Cultural competence is defined as “the ability of individuals and systems to respond effectively and respectfully to all people in a manner that recognizes, affirms, values and preserves the dignity of each individual.” And while many may in theory aspire to this, changing national demographics, differences in communication styles and expression of values, as influenced by culture and even individual preferences, can often get in the way.
Executive Diversity Services (EDS) has been in business for more than 28 years providing effective diversity and inclusion training to a broad range of clients. EDS training programs focus on diversity and inclusion issues that can improve both internal and external effectiveness with co-workers and the clients they serve. Participants receive information relevant to their work, have opportunities to increase personal awareness, and learn tools that can be used to improve interpersonal effectiveness across difference.
Among EDS’ clients are the City of Kent and the City of Bremerton Police Departments, where EDS designed and delivered highly successful “Cultural Competence” training programs. “The response from both officers and staff was overwhelmingly positive,” said Elmer Dixon, President of EDS. “This is a critical factor when anticipating whether the tools and techniques learned will be applied.”
EDS customizes all content to meet the specific needs of each client yet has developed an approach specifically designed for Police Departments and the unique challenges they face in serving the public. “Our process begins with a brief assessment to identify specific populations in the service area that are most challenging for the officers and develop case scenarios used in training,” says Dixon.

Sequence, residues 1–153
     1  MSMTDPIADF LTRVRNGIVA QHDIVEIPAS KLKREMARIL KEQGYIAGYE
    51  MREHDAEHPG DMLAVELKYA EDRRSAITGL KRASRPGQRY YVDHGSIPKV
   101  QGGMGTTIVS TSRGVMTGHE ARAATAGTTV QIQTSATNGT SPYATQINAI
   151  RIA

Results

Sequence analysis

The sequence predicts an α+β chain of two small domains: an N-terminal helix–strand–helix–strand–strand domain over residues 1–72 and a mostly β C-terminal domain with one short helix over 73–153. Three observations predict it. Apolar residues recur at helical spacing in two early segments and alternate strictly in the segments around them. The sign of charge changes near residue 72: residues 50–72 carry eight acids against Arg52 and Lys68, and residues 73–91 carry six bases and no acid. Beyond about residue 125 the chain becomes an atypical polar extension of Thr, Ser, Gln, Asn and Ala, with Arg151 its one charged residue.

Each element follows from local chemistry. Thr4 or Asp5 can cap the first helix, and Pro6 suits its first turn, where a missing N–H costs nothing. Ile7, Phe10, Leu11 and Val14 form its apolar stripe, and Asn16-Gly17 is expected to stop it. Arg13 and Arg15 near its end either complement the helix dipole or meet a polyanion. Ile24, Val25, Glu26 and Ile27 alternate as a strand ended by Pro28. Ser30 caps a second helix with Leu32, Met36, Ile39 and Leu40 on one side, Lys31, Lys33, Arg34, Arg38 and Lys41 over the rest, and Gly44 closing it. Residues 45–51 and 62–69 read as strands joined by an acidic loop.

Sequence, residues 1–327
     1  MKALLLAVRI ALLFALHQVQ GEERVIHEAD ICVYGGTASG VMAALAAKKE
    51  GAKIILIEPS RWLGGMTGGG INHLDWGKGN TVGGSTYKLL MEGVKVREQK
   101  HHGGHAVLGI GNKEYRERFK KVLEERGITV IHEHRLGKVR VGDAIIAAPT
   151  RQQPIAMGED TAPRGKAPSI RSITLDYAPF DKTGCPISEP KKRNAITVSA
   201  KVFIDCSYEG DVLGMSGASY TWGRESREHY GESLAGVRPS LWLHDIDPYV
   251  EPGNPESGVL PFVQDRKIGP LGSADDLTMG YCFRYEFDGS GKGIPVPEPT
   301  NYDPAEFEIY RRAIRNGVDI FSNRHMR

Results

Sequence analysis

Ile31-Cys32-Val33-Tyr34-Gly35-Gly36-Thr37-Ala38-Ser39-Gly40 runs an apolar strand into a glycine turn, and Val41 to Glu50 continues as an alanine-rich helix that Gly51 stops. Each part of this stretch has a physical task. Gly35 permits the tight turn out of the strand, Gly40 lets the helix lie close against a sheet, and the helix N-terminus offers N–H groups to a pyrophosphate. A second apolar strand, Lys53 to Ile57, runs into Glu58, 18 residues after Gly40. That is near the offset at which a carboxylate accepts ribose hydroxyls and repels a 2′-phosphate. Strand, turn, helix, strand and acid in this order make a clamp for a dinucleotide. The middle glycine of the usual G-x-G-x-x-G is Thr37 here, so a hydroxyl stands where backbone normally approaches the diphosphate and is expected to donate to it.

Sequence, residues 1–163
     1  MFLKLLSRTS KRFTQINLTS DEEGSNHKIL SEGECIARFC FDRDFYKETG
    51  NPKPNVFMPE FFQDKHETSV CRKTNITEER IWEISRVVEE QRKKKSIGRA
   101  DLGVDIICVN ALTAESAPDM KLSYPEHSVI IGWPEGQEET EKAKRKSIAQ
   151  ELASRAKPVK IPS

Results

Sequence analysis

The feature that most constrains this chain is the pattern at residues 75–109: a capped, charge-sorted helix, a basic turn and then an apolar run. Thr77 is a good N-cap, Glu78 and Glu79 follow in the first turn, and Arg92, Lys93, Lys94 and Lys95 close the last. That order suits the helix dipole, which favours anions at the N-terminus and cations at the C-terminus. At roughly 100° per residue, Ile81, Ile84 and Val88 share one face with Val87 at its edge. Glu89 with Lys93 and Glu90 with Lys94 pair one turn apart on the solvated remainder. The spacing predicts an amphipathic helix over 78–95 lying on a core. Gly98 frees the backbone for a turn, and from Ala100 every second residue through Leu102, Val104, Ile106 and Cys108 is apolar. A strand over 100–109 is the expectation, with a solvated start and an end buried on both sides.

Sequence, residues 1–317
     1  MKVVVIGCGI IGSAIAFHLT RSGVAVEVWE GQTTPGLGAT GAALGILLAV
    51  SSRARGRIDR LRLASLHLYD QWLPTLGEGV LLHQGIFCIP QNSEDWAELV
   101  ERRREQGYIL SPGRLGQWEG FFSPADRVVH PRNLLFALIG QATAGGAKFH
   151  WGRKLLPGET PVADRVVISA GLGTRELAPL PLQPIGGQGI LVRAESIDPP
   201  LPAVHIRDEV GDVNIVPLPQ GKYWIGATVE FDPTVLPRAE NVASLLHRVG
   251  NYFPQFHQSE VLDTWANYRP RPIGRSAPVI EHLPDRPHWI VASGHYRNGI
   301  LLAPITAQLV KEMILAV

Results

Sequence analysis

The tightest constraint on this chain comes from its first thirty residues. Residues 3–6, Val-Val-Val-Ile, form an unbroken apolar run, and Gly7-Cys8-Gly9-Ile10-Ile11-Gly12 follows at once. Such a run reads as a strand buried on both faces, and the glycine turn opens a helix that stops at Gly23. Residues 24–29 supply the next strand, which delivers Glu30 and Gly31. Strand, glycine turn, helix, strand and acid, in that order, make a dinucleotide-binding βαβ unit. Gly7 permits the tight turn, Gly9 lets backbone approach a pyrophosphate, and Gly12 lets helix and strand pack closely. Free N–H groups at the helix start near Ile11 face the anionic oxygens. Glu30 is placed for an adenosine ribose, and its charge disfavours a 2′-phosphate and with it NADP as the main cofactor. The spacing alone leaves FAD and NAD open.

Examples of the areas we focus on in police work are; learning the implications of differences in communication and conflict styles in service delivery and understanding the role of implicit bias and the need for self-discovery.
While the EDS curriculum has long included modules on implicit bias, there is increased interest in this training by Police Departments in light of current events and the Department of Justice’s New Initiative for Building Community Trust and Justice, a 3-year, $4.75 million partnership between the Justice Department and a consortium of national law enforcement experts, social scientists and evidence-based researchers. According to the DOJ, (as reported by MSNBC) the initiative will invest in training and development in the police force, as well as “research to combat distrust and hostility between law enforcement and the communities they serve.”
“One of our guiding principles is to provide high quality, effective and practical training programs,” says Dixon. “EDS training programs have consistently been rated an average 4.5 on a 5 point scale for overall effectiveness. Training programs EDS has designed for public sector agencies focus on delivering services that are culturally relevant to the populations being served.”
With training now underway with a second police force for the City of Bremerton, EDS is reaching out to Police Departments across the country. Adds Dixon, “We see a need in today’s climate and have a proven curriculum that works.”
To schedule a free consultation or to make a connection with your local police department, please contact Deanna Shoss, Senior Associate and Strategic Partner with EDS.